The Best Books About Substance Abuse
From harrowing memoirs to glamourous novels, substance has long functioned as a motivation for authors, with readers keen to lap up tales of a world that is impossible for those not involved to really understand. These narratives, fictional or otherwise, show us the dangers, tragedies, and - in some cases - the fun that surrounds drug use.
One of the most appealing aspects of books that deal with drugs is that they submerge the reader in a world that is often totally outrageous, far removed from the clean and cut rhythms that define so many of our lives. In many cases, it is the memoirs that are the most outlandish, even more so than their fictional counterparts.
In this article, we’ll take a look at some of the best books about substance abuse, from absurd takes on a hedonistic society to tales of drug addiction and helplessness. Dive in, and discover a side of life you may never have experienced before.
The 1996 movie adaptation of Trainspotting, the 1993 novel by Irvine Welsh, brought the trials and tribulations of being a heroin addict in working class Edinburgh to the big screen, but it is Welsh’s novel that really captures the life of a heroin addict. Following the lives of a gang of heroin addicts, we stay with the characters as they follow the trajectory of many young drug takers: using, addiction, health and crime problems, and how it affects their friends and family.
Portrait of an Addict as a Young Man
Bill Clegg’s memoir Portrait of an Addict as a Young Man initially roused interest because of the profession of the author. A successful member of New York’s literati royalty, Clegg’s memoir about his crack cocaine addiction should not have been written: people like this do not become drug addicts. But then, of course they do. Clegg details the hows and whys of how it happened and the desperation that followed. Clegg’s excellent writing brings to life the murky world he created and the struggle to get clean again.
The Basketball Diaries
It’s said that keeping a journal is an important part of beating addiction. Jim Carroll, a musician, author, and poet, took this idea and ended up with one of the most acclaimed drug texts ever written. The Basketball Diaries, a collection of diary entries from Carroll’s time as a heroin addict in New York City, is a thrilling read. Released in 1978, this book, along with tails of drug abuse and attempted recovery, also captures a moment of time through the eyes of an adolescent who was coming of age in the 1960’s.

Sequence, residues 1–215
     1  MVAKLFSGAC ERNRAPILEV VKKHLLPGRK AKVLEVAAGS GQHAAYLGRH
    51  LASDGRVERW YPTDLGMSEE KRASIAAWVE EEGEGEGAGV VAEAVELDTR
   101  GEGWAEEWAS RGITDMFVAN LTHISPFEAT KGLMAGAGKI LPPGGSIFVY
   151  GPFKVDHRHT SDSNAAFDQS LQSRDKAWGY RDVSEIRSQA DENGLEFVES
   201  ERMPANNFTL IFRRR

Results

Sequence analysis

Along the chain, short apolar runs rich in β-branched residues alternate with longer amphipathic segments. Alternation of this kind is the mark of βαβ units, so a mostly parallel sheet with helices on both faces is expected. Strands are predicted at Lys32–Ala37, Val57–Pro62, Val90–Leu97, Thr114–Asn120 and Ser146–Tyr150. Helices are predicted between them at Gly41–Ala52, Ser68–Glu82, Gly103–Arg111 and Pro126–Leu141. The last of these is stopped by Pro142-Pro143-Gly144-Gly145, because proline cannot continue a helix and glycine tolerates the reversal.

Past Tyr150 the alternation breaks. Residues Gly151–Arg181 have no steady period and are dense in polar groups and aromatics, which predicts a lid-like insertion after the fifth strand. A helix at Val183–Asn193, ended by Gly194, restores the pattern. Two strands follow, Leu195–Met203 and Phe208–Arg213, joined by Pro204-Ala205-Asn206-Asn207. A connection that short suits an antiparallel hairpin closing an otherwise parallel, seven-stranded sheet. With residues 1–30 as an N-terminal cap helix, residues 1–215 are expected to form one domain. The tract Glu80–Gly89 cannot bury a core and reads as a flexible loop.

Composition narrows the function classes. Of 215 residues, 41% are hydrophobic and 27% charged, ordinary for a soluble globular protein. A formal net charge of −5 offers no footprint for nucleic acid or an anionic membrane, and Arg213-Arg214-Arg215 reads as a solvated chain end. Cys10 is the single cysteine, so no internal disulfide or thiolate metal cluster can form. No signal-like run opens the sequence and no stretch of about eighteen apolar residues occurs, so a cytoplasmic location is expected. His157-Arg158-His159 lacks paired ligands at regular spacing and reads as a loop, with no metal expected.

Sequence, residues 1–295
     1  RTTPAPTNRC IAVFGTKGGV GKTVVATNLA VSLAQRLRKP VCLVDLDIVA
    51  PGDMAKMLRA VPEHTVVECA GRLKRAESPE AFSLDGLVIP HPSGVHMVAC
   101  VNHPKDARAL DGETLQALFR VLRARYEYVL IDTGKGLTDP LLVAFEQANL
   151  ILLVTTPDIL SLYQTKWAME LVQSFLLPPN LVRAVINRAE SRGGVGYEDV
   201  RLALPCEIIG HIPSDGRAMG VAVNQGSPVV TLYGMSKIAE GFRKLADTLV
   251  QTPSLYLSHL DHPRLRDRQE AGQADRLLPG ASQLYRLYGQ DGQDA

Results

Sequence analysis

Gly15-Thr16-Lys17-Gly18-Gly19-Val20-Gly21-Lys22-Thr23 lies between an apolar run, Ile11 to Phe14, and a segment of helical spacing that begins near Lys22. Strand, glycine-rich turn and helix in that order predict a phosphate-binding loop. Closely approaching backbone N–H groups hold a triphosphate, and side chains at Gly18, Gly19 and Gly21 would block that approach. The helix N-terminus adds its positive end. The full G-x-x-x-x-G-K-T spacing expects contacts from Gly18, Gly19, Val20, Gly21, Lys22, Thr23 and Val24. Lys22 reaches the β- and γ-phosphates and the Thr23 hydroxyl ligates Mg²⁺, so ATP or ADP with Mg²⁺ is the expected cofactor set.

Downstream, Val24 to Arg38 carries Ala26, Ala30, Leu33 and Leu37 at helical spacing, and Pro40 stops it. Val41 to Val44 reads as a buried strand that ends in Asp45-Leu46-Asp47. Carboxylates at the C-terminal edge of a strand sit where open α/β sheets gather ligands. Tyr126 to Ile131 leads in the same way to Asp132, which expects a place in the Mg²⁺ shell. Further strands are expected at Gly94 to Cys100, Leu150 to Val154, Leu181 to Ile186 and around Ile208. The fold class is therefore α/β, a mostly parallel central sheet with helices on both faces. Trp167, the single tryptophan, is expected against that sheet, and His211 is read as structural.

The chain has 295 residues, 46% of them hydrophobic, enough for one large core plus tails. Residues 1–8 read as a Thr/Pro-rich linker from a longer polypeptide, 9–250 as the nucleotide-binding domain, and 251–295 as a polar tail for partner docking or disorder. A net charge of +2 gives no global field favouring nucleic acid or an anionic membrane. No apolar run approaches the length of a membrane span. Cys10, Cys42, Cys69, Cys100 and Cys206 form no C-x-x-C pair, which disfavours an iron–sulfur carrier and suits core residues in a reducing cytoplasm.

Fear and Loathing in Las Vegas
Reading Hunter S. Thompson’s 1971 novel Fear and Loathing in Las Vegas is akin to riding on a rollercoaster. We travel with protagonist Raoul Duke and his attorney Dr. Gonzo as they drive to and then explore Las Vegas under the influence of a cocktail of drugs, chiefly marijuana, LSD, and alcohol. Influenced by Thompson’s real life adventures, the reader is treated to a close up look at the strange world drug users inhabit while under the influence of narcotics, which is chiefly built around hallucinations and paranoia. This book doesn’t deal with drugs in a moralistic, tragic manner; if anything, it highlights some of the reasons why people take drugs in the first place. But look beneath the surface and you’ll see there’s plenty of trouble brewing.
Scar Tissue, an autobiography by Red Hot Chili Peppers frontman Anthony Kiedis isn’t strictly a drug abuse memoir, but Kiedis’ long experiences with drug abuse means large section of it are. This is a glimpse into a world that is blocked off from all but a handful of people on earth: one of a super famous, super wealthy, super everything man who also has a serious drug addiction. The ghostwritten memoir details just how low some people, even those who seemingly have it all, will sink to get their next fix, as well as a look into how the death of a friend through drugs doesn't necessarily stop an addict from using. It’s the tale of a man with absolutely no barriers to stop him doing what he wants, and the result is a jaw-dropping, highly entertaining read - mostly in part because Kiedis was able to beat his addictions.